Writing Difficult Histories within Cultural Resources
Written By: Marjorie Justine Antonio
Hi everyone! My name is Marjorie Justine Antonio, and I am the ACE CRDIP Digital Assessment and Research Assistant at the National Park Service’s Cultural Resources Office of Interpretation and Education. This is my second internship with my office, as I just finished up a National Council for Preservation Education (NCPE) internship earlier this summer.
So what do you do?
My office works on interpretive digital collections and resources, particularly NPS.gov’s Telling All Americans’ Stories program, Teaching with Historic Places, and Heritage Travel. I support collaborative projects like creating interpretive content for a salsa music project for the American Latino Heritage site, an intersectional story on Japanese incarceration and Mexican American school desegregation, and stories of the World War II home front. I work with a wonderful group of administrators, scholars, educators, interns, and fellows who facilitate these stories for the public.
For the ACE CRDIP internship, I have two roles!
I work on digital assessment and content strategy for our national NPS.gov sites. This means taking a look at what’s currently working, what’s not, and what we can improve upon. This often means investigating underrepresented or missing histories from our current websites and collections, and issues with web navigation for a regular visitor of the public.
Right now, I’m working on the digital content strategy for the Asian American and Pacific Islander heritage subject site – kinda like a site revamp! The digital content strategies will guide web navigation improvements and content development for the next few years at NPS – so it’s been really cool to see how my work contributes to the larger national project of increasing access to Asian American and Pacific Islander history and heritage.
My other role is research assistant. For the first part of my internship, I wrapped up a few projects that are part of the Telling All Americans’ Stories program. I wrote and revised drafts of interpretive educational content and built web pages and articles on NPS.gov’s content management system. As I finish my ACE CRDIP internship, I am specifically working on a project on Filipino American stories of the World War II Home Front – super excited to share these articles whenever it goes live. I’m very grateful and thankful that I have the opportunity to work on public Filipino American history – it’s truly what I want to do for the rest of my life!
Day in the Life (Working from Home!)
Unlike many other ACE CRDIP interns, I engage with the National Park Service behind the screen and in my own home. Most of my days are spent doing research and writing, either developing interpretive content or assessing NPS.gov digital content. My office is remote but there are times when I get to visit the Department of the Interior – Main Building.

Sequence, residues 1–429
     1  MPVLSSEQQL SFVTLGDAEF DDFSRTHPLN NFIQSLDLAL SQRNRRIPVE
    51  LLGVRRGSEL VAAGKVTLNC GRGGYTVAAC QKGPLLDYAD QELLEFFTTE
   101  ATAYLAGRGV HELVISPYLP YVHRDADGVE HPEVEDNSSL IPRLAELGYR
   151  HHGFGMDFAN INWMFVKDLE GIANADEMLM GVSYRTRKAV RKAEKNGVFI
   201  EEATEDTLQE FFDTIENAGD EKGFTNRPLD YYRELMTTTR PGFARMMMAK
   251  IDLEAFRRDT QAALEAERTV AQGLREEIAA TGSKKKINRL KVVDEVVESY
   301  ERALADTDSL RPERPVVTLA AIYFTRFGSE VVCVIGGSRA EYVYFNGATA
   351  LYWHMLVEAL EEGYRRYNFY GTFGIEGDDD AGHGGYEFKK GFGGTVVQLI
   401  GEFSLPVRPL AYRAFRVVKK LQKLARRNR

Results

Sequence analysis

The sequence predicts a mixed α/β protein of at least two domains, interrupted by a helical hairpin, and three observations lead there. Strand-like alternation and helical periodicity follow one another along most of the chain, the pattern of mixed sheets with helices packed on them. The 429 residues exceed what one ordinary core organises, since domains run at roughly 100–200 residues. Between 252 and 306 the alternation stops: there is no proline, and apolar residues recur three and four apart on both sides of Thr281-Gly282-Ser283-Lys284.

I find my job really fascinating and learning how to work two sides of my brain: the sweet immediate satisfaction of problem solving, and the long research process for interpretive content development. This past year, I’ve been learning how to be a digital interpreter – putting myself in the public’s shoes as technology and the internet changes so rapidly. I am constantly asking myself: “What if this doesn’t make any sense five years from now?”
A big challenge is working within the limits of our current systems – sometimes the content management system can be laggy or my government issued computer flashes me the “blue screen of death”. While these are challenging instances, it also enables me to think about how we can improve moving forward. For example, while a lot of NPS.gov features written articles, I hope to also integrate multimedia and video content in our websites and collections.
Writing Difficult Histories
A recent article that I wrote, alongside my colleague Jade Ryerson (also a former ACE CRDIP intern!), engaged in difficult historical storytelling. We researched and wrote this article on the life and legacy of Vincent Chin, a Chinese American draftsman who lived in Detroit, Michigan.
On June 19, 1982, Chin was the victim of an anti-Asian hate crime. White autoworkers Ronald Ebens and Michael Nitz fatally beat him with a baseball bat. Vincent Chin’s life and the legal struggle for justice that followed his murder inspired the development of Pan-Asian American community organizing in Detroit.
While Vincent Chin’s death was tragic, I found solace in how his life left a legacy of Asian American activism and community organizing to fight for better protections against race-based hate crimes in the United States.
Writing this article showed me the difficulties of telling histories of injustice. By researching Vincent Chin’s life and historical anti-Asian hate crimes, I found that these incidents are not isolated, rather, they are historically rooted in intersectional injustice. From the 1882 Chinese Exclusion Act to Detroit’s Motor Cities and post-World War II anti-Asian racism, it was eye-opening to see all of these histories and conditions play out throughout one person’s life.
As I go back to school in the Fall to pursue a dual Master’s in History and Library and Information Science, I hope to become more proficient in writing these difficult histories. The part of the Telling All Americans’ Stories program that sticks out to me is the struggles and the triumphs. So, I hope that everyone is able to remember the good, the bad, and the ugly that contributes to our present day.